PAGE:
Say what you will about George Bush and his policies, but I don’t think it can be argued that he didn’t want what was best for this country. In other words, he absolutely believed that what he was doing was the right thing to do. President Obama (and, probably, most other presidents throughout history), for all the controversy he’s created, for all he’s gone through, believes the same thing. In other words, this was probably not just an attempt to score some quick political points: it was an honest effort to take a stance and make a statement on religious freedom in this country.
The rest of the politicians in this country are taking their predictable sides: most conservatives believe that while these Muslim investors have every right to buy a lot and build a mosque anywhere they want, that they shouldn’t exercise it and the local authorities should do all in their legal power to stop it (and those are the nice ones). Most liberals believe that any attempt to block the mosque is a vicious assault on religious freedom by power-hungry, blue-blooded elites who want nothing more than a national religion as well as a national language. I highly doubt that most politicians really care; if you were to tell them they could reverse their position on the mosque and be guaranteed a win in November in whatever election they’re running in, I’d bet 95% would do it in a heartbeat, and the others would make some attempt to meet in the middle, a compromise between selling out and upholding their values.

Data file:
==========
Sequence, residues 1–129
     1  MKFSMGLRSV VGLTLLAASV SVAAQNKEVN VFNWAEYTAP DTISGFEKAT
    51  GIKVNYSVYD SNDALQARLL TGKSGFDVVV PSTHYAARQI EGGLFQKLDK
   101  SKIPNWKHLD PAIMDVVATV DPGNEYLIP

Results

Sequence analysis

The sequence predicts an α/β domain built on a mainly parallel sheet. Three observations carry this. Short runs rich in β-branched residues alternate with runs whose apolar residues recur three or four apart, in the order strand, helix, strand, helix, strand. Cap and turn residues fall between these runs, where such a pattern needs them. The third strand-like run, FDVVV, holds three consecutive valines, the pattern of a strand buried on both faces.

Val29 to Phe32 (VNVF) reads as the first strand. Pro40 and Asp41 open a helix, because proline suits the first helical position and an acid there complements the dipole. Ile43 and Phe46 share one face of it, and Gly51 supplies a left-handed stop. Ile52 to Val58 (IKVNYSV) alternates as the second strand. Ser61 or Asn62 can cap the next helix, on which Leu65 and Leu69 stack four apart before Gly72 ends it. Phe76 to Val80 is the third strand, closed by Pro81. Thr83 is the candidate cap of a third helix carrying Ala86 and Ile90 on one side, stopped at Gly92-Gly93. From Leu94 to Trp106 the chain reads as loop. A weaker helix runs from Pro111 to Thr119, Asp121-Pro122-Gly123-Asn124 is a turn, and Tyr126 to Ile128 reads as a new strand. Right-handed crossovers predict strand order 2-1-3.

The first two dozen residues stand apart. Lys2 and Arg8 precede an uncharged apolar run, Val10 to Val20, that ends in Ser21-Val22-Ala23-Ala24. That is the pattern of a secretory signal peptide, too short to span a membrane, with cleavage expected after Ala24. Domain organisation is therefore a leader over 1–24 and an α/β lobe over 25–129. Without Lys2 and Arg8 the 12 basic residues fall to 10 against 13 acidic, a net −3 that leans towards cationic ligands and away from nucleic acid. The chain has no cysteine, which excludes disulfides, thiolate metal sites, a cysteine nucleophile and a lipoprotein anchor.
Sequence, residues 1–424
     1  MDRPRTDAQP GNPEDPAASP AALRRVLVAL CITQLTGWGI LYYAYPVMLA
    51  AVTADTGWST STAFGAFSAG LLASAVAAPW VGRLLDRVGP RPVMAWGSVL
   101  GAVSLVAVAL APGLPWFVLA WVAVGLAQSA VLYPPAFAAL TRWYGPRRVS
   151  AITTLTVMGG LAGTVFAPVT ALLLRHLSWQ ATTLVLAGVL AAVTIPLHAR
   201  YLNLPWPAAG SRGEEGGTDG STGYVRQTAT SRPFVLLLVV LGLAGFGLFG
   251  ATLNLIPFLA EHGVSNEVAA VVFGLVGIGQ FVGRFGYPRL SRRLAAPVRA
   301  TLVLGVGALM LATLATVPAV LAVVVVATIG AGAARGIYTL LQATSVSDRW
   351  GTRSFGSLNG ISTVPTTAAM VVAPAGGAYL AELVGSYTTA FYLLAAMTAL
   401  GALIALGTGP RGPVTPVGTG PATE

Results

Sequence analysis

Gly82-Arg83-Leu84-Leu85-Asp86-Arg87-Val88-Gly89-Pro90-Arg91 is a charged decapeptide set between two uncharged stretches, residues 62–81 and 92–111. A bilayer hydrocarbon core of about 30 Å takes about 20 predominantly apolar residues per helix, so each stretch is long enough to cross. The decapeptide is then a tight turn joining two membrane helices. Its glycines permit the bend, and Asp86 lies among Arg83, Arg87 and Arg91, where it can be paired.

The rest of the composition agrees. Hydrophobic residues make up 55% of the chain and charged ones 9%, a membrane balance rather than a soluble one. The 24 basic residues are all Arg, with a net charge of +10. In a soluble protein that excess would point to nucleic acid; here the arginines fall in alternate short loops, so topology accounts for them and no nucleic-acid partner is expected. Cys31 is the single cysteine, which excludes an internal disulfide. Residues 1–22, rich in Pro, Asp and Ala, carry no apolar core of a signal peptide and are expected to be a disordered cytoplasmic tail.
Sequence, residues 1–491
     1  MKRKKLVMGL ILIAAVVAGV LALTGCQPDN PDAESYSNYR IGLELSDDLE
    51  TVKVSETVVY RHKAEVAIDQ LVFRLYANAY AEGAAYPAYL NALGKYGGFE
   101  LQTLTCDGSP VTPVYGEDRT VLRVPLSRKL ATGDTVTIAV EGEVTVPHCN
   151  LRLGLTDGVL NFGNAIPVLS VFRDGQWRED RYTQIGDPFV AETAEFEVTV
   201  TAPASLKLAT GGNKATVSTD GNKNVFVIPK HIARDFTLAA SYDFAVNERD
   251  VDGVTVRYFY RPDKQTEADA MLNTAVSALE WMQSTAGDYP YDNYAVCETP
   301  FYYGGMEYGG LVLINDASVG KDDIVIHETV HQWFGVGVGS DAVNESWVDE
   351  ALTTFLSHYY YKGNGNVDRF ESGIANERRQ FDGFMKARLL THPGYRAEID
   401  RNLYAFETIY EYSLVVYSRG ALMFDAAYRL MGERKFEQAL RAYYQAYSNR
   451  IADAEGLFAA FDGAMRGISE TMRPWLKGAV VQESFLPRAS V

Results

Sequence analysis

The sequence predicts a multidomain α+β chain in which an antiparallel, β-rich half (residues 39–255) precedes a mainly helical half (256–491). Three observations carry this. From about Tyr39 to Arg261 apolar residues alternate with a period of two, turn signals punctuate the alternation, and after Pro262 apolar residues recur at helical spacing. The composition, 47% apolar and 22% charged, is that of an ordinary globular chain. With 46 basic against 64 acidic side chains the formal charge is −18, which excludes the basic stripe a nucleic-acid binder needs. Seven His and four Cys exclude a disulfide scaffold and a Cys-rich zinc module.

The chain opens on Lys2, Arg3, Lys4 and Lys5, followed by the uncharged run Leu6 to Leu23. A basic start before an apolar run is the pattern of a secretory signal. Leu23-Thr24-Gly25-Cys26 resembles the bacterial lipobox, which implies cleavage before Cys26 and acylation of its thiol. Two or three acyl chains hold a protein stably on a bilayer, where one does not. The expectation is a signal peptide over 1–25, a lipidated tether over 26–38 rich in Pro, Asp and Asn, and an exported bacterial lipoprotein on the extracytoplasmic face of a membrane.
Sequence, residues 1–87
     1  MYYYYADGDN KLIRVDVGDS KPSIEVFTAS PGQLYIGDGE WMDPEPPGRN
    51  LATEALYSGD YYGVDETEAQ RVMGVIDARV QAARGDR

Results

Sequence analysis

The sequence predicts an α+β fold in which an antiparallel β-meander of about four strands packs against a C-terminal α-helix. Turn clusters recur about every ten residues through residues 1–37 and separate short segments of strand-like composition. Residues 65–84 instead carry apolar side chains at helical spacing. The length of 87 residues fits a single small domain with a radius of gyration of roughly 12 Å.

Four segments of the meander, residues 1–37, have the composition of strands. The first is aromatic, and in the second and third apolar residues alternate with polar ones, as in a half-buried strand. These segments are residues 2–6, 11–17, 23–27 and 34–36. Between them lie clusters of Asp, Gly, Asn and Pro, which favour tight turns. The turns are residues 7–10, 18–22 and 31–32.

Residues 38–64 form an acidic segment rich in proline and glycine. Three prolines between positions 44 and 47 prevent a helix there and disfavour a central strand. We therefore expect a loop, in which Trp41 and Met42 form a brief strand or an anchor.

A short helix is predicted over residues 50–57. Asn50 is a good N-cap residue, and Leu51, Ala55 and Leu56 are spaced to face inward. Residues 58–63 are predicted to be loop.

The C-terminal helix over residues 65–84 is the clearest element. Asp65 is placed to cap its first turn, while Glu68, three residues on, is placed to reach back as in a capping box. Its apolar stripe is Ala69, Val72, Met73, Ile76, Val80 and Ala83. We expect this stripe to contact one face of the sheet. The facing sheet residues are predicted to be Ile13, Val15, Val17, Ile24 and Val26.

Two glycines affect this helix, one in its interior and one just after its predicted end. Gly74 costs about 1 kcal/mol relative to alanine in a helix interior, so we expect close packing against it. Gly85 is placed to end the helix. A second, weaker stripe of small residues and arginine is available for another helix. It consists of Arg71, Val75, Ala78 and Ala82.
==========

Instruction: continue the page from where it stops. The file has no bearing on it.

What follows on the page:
Here’s the thing: every group of people has extremists. Just as the right wing of this country has Glenn Beck (who, I submit, has completely lost his mind), the left wing has Howard “YEEAAAHHH!” Dean. For each of the nineteen terrorists who were involved in crashing airplanes into towers almost nine years ago, there’s probably at least a dozen people who believe that anyone who eats meat should be electrocuted immediately, probably at least a dozen people who believe Hurricane Katrina was God’s wrath on the city for too much partying every March, probably at least a dozen people who believe that on the eighth day, God created the Green Bay Packers (inspired by a bumper sticker I saw the other day), and probably at least a dozen people who believe Michael Moore would make a great President some day (alright, I made that one up, no one could possibly believe that).